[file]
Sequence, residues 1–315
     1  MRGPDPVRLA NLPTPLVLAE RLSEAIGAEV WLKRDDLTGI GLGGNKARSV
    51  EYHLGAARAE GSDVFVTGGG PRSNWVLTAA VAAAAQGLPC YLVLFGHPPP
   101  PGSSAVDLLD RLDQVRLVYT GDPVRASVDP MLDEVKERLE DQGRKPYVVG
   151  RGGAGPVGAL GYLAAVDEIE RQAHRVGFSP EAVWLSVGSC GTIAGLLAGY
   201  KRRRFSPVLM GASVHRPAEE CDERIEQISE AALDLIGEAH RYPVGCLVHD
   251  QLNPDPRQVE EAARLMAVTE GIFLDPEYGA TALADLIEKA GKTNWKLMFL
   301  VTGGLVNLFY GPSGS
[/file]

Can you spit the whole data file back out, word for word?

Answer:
Sequence, residues 1–315
     1  MRGPDPVRLA NLPTPLVLAE RLSEAIGAEV WLKRDDLTGI GLGGNKARSV
    51  EYHLGAARAE GSDVFVTGGG PRSNWVLTAA VAAAAQGLPC YLVLFGHPPP
   101  PGSSAVDLLD RLDQVRLVYT GDPVRASVDP MLDEVKERLE DQGRKPYVVG
   151  RGGAGPVGAL GYLAAVDEIE RQAHRVGFSP EAVWLSVGSC GTIAGLLAGY
   201  KRRRFSPVLM GASVHRPAEE CDERIEQISE AALDLIGEAH RYPVGCLVHD
   251  QLNPDPRQVE EAARLMAVTE GIFLDPEYGA TALADLIEKA GKTNWKLMFL
   301  VTGGLVNLFY GPSGS